Shembe leaders reconcile


IOL news apr 28 nd shembe_presser2 (15421453)

INDEPENDENT NEWSPAPERS

The leader of the Ekuphakameni faction of the Nazareth Baptist Church, Inkosi Vukile Shembe (left) and Inkosi Sizwe Shembe, leader of the Ginyezinye faction. Photo: Rajesh Jantilal

In an unprecedented move, two factions of the Nazareth Baptist Church, a spin-off from the Shembe Church, have agreed to cast aside their differences and end their drawn-out court battle over leadership.

The two leaders, Inkosi Vukile Shembe of the Ekuphakameni faction and Inkosi Sizwe Shembe of the Ginyezinye faction, on Wednesday sang from the same hymn book, saying they would now be one unit.

In all, four factions – Ekuphakameni, Ginyezinye, Ebuhleni and Mini Shembe - had wanted to be recognised as leaders of the church and had lodged applications to this end in the Pietermaritzburg High Court in 2007.

However, the two leaders on Wednesday said that was all water under the bridge now, as they shook hands and vowed to lead their followers to greater heights.

“It is time for us to come together and stop the infighting,” said Sizwe. “We don’t want to have a situation whereby a further 100 groups emerge from our church to form their own houses. We want to protect our faith.”

The on-going court case, he said, had cost the church more than R1 million.

Since the other two leaders, Vimbeni Shembe of Ebuhleni and Mini Shembe had since died, both Sizwe and Vukile said they saw no point in continuing with the leadership battle.

The two leaders, however, would not be drawn into saying which of them would lead the church, indicating that that issue would be dealt with once the court case had been withdrawn.

“We will deal with the case first, and then we will talk about the way forward. At the moment we are not even thinking about who, between us, will be the leader,” said Vukile Shembe.

The two leaders also distanced themselves from the Ebuhleni faction of the Shembe Church, which is also in court fighting over the leadership battle after their leader, Vimbeni Shembe, died in March.

That dispute originated during Vimbeni’s funeral on April 3, when his son, Mduduzi, was named as successor by Inkosi Mqoqi Ngcobo of the Maqadini clan, just before Vela Shembe - Mduduzi’s cousin - was also named as successor by the late leader’s lawyer, Zwelabantu Buthelezi.

Vela, a school teacher, subsequently made an urgent application to the Durban High Court asking to be appointed leader of the church and sole trustee of the Church of Nazareth Ecclesiastical Endowment Trust.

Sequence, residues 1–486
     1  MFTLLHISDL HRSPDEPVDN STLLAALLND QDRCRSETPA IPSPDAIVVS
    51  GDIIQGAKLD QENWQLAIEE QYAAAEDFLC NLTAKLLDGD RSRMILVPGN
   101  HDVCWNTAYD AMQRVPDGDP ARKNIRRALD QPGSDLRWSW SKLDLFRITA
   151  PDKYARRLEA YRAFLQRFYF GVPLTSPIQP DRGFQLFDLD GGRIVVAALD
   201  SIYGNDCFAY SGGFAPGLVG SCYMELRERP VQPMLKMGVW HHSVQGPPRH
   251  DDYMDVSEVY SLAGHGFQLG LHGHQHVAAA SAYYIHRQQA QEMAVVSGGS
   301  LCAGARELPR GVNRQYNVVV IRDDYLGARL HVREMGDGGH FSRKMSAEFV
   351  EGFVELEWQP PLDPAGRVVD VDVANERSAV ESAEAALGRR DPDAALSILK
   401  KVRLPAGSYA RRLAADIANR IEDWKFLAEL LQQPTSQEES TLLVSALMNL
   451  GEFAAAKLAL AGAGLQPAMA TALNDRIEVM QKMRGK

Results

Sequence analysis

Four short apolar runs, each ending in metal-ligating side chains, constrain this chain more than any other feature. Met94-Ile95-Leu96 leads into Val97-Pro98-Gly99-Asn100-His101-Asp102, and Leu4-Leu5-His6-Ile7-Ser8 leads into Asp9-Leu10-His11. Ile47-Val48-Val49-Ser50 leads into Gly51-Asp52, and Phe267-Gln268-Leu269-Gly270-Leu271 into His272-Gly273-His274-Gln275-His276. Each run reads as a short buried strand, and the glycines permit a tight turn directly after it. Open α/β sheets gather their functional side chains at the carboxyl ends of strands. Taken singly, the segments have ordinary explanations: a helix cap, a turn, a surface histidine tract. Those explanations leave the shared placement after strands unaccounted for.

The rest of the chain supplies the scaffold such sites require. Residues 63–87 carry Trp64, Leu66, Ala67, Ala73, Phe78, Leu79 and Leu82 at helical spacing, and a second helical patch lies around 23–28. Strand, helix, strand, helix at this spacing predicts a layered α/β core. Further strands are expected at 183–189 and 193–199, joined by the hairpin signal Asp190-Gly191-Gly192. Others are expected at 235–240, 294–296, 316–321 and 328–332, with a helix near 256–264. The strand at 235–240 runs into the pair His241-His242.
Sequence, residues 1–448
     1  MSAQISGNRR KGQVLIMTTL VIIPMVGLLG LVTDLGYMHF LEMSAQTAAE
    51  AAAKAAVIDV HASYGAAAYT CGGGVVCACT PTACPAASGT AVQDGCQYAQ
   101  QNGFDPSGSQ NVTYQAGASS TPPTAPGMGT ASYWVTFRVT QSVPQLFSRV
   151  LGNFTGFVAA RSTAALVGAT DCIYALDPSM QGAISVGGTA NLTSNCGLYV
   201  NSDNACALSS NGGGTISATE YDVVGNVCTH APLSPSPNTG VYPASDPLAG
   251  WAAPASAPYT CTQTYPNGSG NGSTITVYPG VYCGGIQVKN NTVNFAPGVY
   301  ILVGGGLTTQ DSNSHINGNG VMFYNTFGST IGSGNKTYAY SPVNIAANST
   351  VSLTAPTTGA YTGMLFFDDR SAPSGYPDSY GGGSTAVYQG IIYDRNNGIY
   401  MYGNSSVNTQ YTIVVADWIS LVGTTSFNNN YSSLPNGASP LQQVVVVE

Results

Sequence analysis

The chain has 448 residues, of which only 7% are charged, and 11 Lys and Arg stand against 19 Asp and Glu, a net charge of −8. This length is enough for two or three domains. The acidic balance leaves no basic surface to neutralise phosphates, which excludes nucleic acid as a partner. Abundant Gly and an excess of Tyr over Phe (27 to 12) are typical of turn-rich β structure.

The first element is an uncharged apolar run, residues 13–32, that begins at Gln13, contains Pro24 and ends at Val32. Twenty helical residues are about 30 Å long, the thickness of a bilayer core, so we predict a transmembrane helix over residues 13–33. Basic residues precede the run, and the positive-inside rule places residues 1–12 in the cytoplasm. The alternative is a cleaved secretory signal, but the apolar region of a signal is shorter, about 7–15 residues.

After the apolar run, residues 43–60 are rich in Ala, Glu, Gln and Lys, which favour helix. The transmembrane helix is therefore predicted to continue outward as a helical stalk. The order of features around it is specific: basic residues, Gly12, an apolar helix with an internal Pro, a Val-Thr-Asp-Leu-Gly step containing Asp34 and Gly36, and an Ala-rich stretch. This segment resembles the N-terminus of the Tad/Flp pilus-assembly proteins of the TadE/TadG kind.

According to court papers, Vela was also asking that church secretary Chancey Sibisi hand over all documents, computer disks and other material relating to the affairs of the church, and that Ngcobo and Mduduzi be restrained from interfering with his anointment and appointment.

That matter is yet to be finalised.

Both Vukile and Sizwe said on Wednesday that while they are related to the two (Mduduzi and Vela), the Ebuhleni house was no longer part of the Nazareth Baptist Church.

The Shembe Church was founded by Isaiah Shembe more than 100 years ago, but split into two factions - Ebuhleni and Ekuphakameni - after the death of the founder.

The church further split into another two factions with the formation of Ginyezinye and Mini Shembe, run by its namesake.

Ebuhleni, led by the late Vimbeni Shembe, reportedly has the largest following.

Vukile and Sizwe said that once they had withdrawn the court case they would “deal with all other issues concerning the Nazareth church”.

The two leaders said the Ebuhleni faction would be “stripped” of the right to use anything that is not theirs, including property, hymn books and church gear.

“The court will decide on what things to take back, but we know which things originated from the Nazareth church,” said Sizwe.

Landile Shembe, a member of the Shembe family, said the two leaders had consulted with King Goodwill Zwelithini (who had agreed to be a witness when the court case is withdrawn), IFP leader Mangosuthu Buthelezi (who was the head of Amakhosi, because about 60 percent of Amakhosi are Shembe followers), and kwaZulu-Natal premier Zweli Mkhize about their decision. - Daily News


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